McCurdy School coach

Aaron Chavez, who went to elementary school at McCurdy, was recently named head basketball coach at Bakersfield College.

    Aaron Chavez’s parents both worked at McCurdy School when he was in middle school - his mother was a teacher, and his father was the junior varsity basketball coach. If a basketball game was on a weeknight, both his parents wanted him in bed early, but he wanted to know what would happen.

    “But I loved basketball, and my passion was so great, that I wanted to see how they did,” he said. “And I just loved the Bobcats.”

    Chavez remembers sneaking out of his house, which was right next to the campus. He found a pile of rocks on the side of the gym that aligned with a window where he could see the scoreboard. He’d watch the scoreboard, and when the game was ending he would run home before his parents left.

    Now, Chavez is the head basketball coach at Bakersfield College in California after spending 15 years as an assistant.

    Chavez was only at McCurdy for elementary school through sixth grade, but he developed a strong bond with the area. His sister, Evangeline, graduated from McCurdy in 1993, and both his parents worked at the school.

    “It had a big impact on my life,” he said of living in Española. “Those five years of my life, and all the people we met. Just being on a private school campus for so long, you grow very close to people.”

    He has a picture of himself with Myriah Spence, a McCurdy graduate who went to play basketball at Old Dominion.

    He said he went to practices with his father, and loved watching the players, including Ryan Cordova, now the athletic director and basketball coach at Northern New Mexico College.

    “We lived right on campus,” Chavez said. “Probably 35 yards from the front of one of the doors to the gym.”

    Chavez’s father was a basketball coach, and he was always in love with the sport. His cousin, Miranda Serna was an assistant women’s basketball coach at Oklahoma State University. Chavez said that Serna was a guide to him until her tragic death in a 2011 plane crash.

    In her cousin’s honor, Chavez created the Miranda Serna basketball camp, and went back to New Mexico every summer to host it until this year, when it could not be held because of the pandemic.

    But he said that he was always drawn to coaching since elementary school. He watched football practices, and even though he never played, he was drawn to the coach’s perspective.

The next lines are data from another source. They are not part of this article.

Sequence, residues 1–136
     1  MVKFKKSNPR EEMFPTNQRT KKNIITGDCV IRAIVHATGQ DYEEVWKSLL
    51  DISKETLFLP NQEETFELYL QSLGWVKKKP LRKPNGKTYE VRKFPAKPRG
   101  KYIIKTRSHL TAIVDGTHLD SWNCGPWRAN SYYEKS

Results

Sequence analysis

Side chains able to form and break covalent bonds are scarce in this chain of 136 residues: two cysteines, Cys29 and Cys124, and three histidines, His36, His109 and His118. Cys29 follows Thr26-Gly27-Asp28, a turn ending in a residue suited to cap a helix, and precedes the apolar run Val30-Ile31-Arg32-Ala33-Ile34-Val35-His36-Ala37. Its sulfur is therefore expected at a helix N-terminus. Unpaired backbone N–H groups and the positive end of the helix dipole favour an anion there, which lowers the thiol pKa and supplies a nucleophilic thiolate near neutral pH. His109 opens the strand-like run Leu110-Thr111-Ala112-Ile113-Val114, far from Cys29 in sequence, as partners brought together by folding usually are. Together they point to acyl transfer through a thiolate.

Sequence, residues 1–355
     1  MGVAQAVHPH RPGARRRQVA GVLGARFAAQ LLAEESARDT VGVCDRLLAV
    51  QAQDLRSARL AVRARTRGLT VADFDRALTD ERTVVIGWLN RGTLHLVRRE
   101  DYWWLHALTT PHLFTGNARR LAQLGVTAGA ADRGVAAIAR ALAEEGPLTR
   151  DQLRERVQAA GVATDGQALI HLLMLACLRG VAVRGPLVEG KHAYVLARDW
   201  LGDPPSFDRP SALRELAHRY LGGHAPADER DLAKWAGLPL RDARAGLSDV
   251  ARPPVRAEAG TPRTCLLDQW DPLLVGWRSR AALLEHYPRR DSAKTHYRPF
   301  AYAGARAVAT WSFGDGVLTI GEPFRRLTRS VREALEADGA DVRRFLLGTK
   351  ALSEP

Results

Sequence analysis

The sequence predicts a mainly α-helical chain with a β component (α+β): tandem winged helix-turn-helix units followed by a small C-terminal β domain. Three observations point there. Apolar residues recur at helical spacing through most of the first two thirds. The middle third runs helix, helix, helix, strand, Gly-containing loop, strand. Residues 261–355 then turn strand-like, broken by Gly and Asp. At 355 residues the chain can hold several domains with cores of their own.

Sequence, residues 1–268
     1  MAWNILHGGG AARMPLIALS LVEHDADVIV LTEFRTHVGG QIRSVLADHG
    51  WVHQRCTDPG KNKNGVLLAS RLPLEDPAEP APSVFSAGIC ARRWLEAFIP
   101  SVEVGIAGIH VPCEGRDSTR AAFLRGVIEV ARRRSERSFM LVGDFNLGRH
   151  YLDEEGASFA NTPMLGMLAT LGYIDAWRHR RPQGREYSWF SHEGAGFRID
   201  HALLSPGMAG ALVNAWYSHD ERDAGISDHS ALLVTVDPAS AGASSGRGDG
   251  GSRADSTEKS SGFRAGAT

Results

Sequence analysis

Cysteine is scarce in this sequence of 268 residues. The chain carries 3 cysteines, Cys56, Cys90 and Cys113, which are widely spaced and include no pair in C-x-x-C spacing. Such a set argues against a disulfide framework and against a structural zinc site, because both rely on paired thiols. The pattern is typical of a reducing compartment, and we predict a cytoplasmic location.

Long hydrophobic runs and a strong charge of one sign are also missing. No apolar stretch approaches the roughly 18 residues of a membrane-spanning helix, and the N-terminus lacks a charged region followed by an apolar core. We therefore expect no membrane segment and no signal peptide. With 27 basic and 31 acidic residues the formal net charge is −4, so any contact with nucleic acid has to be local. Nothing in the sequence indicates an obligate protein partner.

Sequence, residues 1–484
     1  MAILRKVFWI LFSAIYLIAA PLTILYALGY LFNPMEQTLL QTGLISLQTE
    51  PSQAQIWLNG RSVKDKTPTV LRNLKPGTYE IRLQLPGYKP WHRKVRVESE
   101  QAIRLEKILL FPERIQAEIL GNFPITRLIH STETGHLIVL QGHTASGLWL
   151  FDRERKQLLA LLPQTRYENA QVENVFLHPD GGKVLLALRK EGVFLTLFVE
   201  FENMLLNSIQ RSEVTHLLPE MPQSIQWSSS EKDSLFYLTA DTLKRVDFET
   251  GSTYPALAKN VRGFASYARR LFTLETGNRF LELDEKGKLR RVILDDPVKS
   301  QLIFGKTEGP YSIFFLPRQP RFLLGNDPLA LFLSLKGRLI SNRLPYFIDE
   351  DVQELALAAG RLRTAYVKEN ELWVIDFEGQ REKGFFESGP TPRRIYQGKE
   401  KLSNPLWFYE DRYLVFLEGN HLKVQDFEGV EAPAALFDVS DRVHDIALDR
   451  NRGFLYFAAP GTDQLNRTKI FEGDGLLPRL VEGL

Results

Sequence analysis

“I always loved playing, but there was just more of a passion to coach,” he said.

    Chavez moved to Mora, where he played basketball and graduated in 2000. He went to New Mexico Highlands University and during that time was an assistant coach at West Las Vegas High School.

    After graduating from Highlands, Chavez was an assistant coach for a year at Bard College in upstate New York. Then he became an assistant coach at Bakersfield, where he was an assistant for 15 years before becoming head coach.

    Matt Martinez is another Mora graduate and was the Athletic Director at Pojoaque Valley High School when Chavez was in high school, which is how the two became friends. Martinez said that Chavez’s determination helped him succeed as a coach, especially when he began coaching right after high school.

    “Aaron’s always been a tenacious, aggressive player,” said Martinez. “He’s just one of those kids that you knew that he wanted to coach, and be a good coach, with the discipline he had.”

    Once at Bakersfield, Chavez had to adjust to life in California, which he said has a completely different culture.

    “My wife does a good job of trying to make New Mexico dishes here, we bring our chile,” he said. “You can’t replace culture.”

    He said that he would like to get back to New Mexico at some point.

    Lynn Kennedy was the coach at Highlands during Chavez’s time, who was friends with Rich Hughes, who was the coach at Bakersfield for 15 years before stepping down in July.

    “It is exciting, in a sense of, I fulfilled a dream,” Chavez said of becoming head coach. “I can remember, when I got the word from our vice president that they were going to name me the head coach, I can remember going to that window again, in McCurdy, and watching.”

    Chavez inherits a Renegades team that finished 16-12 last year but missed out on the postseason. The season is currently planned to take place in the spring due to the pandemic.

    But he said that the most important thing is having an impact on the lives of college students.

    “Coaching in junior college is just so much different than coaching at a 4-year school,” he said. “You’re dealing with a different student-athlete. You may get a kid that has a 26 on his ACT, and you may get a kid that never took the ACT. And some of them come from troubled homes.”

    Chavez said that people from McCurdy were calling to congratulate him when he was named coach.

    “I thought of all those people, and the impact that they had on my life, and how, just, caring they were to care for me and my family so much that they wanted us to succeed,” he said. “It was like a sense of relief, for a second, that I could actually make them proud.”

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